Pleasurable experiences come in all sorts of constellations, and healthy exploration is part of being human. Additionally, clinicians need to assess and address your safety. Many LGBTQ+ people are at higher risk of intimate partner violence. We may ask about your use of condoms, how many partners you’ve had recently, your use of substances during sex, and how these experiences may shift how you see yourself. Give clear answers if possible, but don’t fret if you’re uncertain. Your doctor will not likely provide a label or pry unnecessarily. They may offer constructive information on the use of condoms, reasons to consider using PrEP (which can effectively prevent HIV), and places you can go for more guidance. Physicians enjoy giving personalized information so that you may make informed healthcare decisions.

There is no end to what is on people’s minds. Be bold. Will tucking reduce my sperm count? Maybe. Does binding my breasts come with risk? Likely. Was Shangela robbed of her RuPaul’s Drag Race: All Stars 3 crown? Utterly, but let’s get back to your cholesterol, shall we?

Remember that it is often impossible to squeeze everything into one appointment. Afterward, take time to catch your breath, reflect on what you’ve learned, and come up with more questions for next time. We’re here for that.

Bible verses for today’s meditation and inspiration: Matthew E. McLaren

Rejoice always, pray continually, give thanks in all circumstances; for this is God’s will for you in Christ Jesus. 1 Thessalonians 5:16-18 NIV 

The Lord your God is with you, the Mighty Warrior who saves. He will take great delight in you; in his love he will no longer rebuke you, but will rejoice over you with singing. Zephaniah 3:17 NIV 

Rejoice in the Lord always. I will say it again: Rejoice! Philippians 4:4 NIV 

Be joyful in hope, patient in affliction, faithful in prayer. Romans 12:12 NIV

 When anxiety was great within me, your consolation brought me joy. Psalm 94:19 NIV

  The Lord has done it this very day; let us rejoice today and be glad. Psalm 118:24 NIV

Though the fig tree does not bud and there are no grapes on the vines, though the olive crop fails and the fields produce no food, though there are no sheep in the pen and no cattle in the stalls, yet I will rejoice in the Lord, I will be joyful in God my Savior. Habakkuk 3:17-18 NIV

 You make known to me the path of life; you will fill me with joy in your presence, with eternal pleasures at your right hand. Psalm 16:11 NIV

Though you have not seen him, you love him; and even though you do not see him now, you believe in him and are filled with an inexpressible and glorious joy, for you are receiving the end result of your faith, the salvation of your souls. 1 Peter 1:8-9 NIV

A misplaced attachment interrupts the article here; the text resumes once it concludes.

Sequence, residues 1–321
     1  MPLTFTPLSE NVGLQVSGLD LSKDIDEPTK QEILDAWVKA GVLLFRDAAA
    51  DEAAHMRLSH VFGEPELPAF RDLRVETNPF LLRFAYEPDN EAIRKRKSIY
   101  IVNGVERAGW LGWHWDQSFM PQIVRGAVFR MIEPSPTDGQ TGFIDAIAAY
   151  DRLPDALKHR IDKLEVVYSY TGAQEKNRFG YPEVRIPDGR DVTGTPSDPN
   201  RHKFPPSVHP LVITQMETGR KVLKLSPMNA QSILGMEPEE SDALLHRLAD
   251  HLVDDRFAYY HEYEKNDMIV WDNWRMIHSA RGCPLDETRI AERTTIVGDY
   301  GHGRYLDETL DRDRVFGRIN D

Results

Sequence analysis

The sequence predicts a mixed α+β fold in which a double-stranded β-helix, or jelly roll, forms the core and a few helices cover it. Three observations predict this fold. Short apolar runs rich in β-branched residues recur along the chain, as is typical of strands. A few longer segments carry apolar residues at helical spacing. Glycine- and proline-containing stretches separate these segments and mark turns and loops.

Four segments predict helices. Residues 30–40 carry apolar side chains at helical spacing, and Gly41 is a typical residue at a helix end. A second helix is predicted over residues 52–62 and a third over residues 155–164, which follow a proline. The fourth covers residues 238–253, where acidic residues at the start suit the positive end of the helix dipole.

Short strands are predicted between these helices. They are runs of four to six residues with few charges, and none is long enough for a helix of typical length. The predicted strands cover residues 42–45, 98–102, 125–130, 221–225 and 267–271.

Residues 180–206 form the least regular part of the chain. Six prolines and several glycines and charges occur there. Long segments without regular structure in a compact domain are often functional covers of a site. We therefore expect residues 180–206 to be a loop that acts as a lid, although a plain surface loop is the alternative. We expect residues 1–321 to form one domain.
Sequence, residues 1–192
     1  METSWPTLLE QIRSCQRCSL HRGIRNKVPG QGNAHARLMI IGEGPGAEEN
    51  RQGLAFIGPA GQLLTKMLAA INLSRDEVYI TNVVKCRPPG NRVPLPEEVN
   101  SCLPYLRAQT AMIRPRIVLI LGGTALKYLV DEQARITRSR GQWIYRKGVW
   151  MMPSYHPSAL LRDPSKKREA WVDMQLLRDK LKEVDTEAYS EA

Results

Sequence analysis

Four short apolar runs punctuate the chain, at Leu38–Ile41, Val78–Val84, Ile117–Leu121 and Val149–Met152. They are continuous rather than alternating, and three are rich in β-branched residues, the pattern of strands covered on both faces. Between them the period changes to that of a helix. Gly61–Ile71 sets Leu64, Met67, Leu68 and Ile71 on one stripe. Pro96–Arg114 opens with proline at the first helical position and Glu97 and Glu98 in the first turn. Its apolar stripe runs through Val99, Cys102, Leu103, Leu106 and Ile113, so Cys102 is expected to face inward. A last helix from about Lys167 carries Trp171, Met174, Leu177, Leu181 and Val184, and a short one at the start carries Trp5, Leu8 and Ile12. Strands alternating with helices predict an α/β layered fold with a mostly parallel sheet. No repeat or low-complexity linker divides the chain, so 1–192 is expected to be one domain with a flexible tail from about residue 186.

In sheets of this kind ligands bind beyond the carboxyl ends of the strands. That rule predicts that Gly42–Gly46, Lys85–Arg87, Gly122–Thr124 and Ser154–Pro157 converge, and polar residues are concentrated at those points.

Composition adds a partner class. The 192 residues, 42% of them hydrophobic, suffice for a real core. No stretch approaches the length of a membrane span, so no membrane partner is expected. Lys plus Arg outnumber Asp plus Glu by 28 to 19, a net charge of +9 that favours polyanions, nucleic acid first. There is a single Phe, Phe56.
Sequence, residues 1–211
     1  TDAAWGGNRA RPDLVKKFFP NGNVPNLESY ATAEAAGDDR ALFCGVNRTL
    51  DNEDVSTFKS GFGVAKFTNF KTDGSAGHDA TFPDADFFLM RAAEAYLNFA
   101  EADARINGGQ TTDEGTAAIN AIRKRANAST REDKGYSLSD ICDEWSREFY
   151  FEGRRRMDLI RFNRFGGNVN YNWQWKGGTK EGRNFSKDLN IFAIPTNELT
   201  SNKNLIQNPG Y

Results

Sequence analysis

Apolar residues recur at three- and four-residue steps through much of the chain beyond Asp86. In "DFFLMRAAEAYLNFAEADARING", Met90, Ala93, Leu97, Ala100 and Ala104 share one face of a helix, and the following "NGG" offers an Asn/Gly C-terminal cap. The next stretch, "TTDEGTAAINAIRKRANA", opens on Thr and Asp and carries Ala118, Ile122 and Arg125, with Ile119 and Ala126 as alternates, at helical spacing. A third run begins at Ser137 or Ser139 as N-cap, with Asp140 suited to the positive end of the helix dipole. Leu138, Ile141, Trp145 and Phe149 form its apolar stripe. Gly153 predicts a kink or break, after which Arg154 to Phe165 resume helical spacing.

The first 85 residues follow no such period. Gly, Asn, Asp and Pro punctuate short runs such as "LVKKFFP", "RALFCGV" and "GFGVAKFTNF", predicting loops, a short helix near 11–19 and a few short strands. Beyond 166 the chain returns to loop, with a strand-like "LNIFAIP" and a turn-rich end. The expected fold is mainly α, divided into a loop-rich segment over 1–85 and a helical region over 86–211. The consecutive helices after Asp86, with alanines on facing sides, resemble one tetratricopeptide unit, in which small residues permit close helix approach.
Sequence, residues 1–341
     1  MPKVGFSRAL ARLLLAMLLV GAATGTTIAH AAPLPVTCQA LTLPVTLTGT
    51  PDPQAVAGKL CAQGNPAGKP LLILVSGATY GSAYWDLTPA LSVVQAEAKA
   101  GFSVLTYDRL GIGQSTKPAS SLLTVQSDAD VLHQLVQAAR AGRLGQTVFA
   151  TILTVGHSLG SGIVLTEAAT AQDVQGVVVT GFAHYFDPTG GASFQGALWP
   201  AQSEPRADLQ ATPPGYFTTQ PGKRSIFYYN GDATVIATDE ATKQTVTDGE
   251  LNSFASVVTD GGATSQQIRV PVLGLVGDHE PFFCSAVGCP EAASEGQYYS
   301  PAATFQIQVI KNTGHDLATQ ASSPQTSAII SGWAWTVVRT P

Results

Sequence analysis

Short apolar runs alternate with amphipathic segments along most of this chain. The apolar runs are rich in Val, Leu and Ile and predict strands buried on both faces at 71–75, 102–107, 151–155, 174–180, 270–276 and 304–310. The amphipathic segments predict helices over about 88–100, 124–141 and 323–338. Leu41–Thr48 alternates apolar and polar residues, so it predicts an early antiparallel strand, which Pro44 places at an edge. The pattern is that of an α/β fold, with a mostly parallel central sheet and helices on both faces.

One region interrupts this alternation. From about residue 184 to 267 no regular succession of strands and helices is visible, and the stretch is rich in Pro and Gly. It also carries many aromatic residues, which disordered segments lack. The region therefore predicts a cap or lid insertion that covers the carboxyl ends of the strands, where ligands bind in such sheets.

I delight greatly in the Lord; my soul rejoices in my God. For he has clothed me with garments of salvation and arrayed me in a robe of his righteousness, as a bridegroom adorns his head like a priest, and as a bride adorns herself with her jewels. Isaiah 61:10 NIV 

Until now you have not asked for anything in my name. Ask and you will receive, and your joy will be complete. John 16:24 NIV

 Each of you should give what you have decided in your heart to give, not reluctantly or under compulsion, for God loves a cheerful giver. 2 Corinthians 9:7 NIV

  A person finds joy in giving an apt reply— and how good is a timely word! Proverbs 15:23 NIV 

That is why, for Christ’s sake, I delight in weaknesses, in insults, in hardships, in persecutions, in difficulties. For when I am weak, then I am strong. 2 Corinthians 12:10 NIV 

deliverance You are my hiding place; you will protect me from trouble and surround me with songs of. Psalm 32:7 NIV

 So that I Rejoice with those who rejoice; mourn with those who mourn. Romans 12:15 NIV

may come to you with joy, by God’s will, and in your company be refreshed. Romans 15:32 NIV 

Your statutes are my heritage forever; they are the joy of my heart. Psalm 119:111 NIV

But godliness with contentment is great gain. 1 Timothy 6:6 NIV

Recommended contacts for prayer request and Bible study

https://www.hopetv.org

www.adventistontario.org

https://breathoflife.tv/

http://www.nadadventist.org/article/15/contact-us

http://3abn.org/all-streams/3abn.html

https://www.adventist.org/en/utility/contact/

Be the first to comment

Leave a Reply

Show Buttons
Hide Buttons